Violent clashes have erupted in the northern city of Fortaleza in the hours leading to a Confederations Cup match with Mexico. Dozens were hurt as riot police unleashed tear gas and barrage of rubber bullets at a crowd of some 30,000 Brazilian protesters.
Images and video of the demonstration just outside of the north-eastern city depicted throngs of protesters marching down a road towards the stadium hosting Wednesday’s match. One person was reported to have suffered an eye injury and another was taken away on a stretcher.
The protesters were marching against government spending on the World Cup and the Olympics. During the Fortaleza protest, demonstrators carried banners reading “a teacher is worth more than Neymar,” a reference to one of Brazil’s star players slated to appear in Wednesday’s game.
Despite some rhetoric targeting players, in addition to FIFA, the global football governing body, Brazil’s national team players expressed solidarity with demonstrators.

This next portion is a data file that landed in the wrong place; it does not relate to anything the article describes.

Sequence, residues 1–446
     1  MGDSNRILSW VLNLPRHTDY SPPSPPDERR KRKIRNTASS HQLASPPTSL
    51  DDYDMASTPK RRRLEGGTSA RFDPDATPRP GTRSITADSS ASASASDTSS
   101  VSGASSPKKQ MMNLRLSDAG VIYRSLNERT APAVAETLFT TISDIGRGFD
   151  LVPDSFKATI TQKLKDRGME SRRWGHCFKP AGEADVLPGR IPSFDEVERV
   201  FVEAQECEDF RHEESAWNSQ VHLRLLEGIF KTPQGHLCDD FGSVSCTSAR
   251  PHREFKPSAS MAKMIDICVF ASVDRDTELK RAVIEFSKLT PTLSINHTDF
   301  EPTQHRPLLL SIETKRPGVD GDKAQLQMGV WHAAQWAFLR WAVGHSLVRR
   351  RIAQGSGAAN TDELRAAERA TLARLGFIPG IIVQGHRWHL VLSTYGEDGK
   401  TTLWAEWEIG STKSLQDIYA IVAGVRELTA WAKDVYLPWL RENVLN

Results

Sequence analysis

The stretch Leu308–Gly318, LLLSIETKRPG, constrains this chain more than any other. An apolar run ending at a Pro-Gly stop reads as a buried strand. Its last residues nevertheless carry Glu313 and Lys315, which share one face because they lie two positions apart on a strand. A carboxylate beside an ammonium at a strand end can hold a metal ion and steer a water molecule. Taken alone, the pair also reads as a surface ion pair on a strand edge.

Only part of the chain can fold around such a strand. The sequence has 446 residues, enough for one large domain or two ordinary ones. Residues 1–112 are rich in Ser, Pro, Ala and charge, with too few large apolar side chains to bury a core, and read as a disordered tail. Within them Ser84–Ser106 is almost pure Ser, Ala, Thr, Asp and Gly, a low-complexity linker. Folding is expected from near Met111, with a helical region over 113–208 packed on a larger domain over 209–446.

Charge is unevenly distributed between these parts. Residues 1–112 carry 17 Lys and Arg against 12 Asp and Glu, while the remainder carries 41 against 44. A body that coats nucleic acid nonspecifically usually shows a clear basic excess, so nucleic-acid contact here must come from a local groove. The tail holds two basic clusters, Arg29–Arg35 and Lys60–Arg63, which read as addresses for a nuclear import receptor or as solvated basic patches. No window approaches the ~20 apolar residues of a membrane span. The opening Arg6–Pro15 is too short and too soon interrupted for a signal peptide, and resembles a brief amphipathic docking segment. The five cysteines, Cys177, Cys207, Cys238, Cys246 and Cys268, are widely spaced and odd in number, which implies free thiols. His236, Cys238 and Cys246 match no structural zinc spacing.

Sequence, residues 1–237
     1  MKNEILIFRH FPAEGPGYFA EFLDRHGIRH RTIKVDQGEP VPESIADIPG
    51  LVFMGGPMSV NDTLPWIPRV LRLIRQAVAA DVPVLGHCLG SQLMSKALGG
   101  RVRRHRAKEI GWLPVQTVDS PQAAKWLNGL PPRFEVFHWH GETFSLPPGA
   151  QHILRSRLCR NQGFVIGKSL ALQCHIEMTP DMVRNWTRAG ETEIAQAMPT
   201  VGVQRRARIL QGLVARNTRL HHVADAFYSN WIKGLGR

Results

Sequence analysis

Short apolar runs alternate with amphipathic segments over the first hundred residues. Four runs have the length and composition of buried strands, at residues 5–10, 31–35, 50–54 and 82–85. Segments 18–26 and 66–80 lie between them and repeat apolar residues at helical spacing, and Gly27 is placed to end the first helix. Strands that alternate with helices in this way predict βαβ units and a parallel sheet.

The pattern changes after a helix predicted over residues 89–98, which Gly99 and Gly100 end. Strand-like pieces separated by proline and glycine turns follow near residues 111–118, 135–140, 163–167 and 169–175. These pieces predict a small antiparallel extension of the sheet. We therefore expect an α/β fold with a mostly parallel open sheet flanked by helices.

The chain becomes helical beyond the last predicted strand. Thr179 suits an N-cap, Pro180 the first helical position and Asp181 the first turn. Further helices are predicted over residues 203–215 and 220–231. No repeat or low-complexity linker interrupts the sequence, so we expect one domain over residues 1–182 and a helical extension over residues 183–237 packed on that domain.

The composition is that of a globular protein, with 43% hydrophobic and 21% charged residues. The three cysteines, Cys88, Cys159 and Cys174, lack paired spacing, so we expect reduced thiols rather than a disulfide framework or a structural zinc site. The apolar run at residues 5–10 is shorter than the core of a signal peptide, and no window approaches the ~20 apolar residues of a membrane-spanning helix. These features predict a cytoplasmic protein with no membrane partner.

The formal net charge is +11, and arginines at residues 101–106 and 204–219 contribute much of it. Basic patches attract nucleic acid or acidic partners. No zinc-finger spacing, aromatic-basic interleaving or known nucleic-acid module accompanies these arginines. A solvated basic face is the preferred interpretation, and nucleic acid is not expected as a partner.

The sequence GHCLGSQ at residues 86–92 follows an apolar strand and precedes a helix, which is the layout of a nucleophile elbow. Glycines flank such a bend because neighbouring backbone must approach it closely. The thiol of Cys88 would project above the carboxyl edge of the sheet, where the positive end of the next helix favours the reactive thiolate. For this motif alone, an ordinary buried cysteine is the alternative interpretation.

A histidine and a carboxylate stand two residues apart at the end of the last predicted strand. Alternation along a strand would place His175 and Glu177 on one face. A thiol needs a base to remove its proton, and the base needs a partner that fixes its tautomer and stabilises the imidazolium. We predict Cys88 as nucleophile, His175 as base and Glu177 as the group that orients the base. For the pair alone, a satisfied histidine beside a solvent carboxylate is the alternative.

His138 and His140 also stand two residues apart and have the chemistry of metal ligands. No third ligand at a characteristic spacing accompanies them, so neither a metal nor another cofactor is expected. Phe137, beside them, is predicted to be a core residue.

“After seeing the people on the streets claiming for improvements, it makes me feel like joining them,” striker “Hulk” (Givanildo Vieira de Souza) was quoted as saying by the Associated Press.
“They are doing the right thing, what they are saying makes sense and we have to hear them. Brazil needs to improve, we all know that,” he added.
The Confederations Cup, which is still underway, had the misfortune of beginning in tandem with planned hikes for public transportation fares, which were the catalyst for demonstrations nationwide.
In response to the protest in Fortaleza, FIFA president Sepp Blatter, urged protesters not to “use football to make their demands heard.”
The fact that vast sums were spent on new stadiums and the refurbishment of existing venues ahead of the World Cup in Brazil, while many in the country still live in poverty, is seen by many as a symptom of their government’s ineptitude.
As the world’s football governing body and organizer of the World Cup, FIFA has found itself in the delicate position of having to acknowledge public discontentment in the country, while still protecting the interests of the massively popular and extremely lucrative sport.
Brazil’s government had warned that it would deploy the National Public Security Force, the country’s national guard, in the five cities hosting the Confederations Cup: Rio de Janeiro, Belo Horizonte, Salvador, Fortaleza and the capital Brasilia.
On Tuesday the mayors of Cuiaba, Recife, Joao Pessoa and other cities had already announced a reduction in bus fares in response to this week’s protests. On Wednesday, the municipalities of Sao Paulo, the country’s largest city, along with Rio de Janeiro were prepared to follow suit and also cancel proposed fare hikes.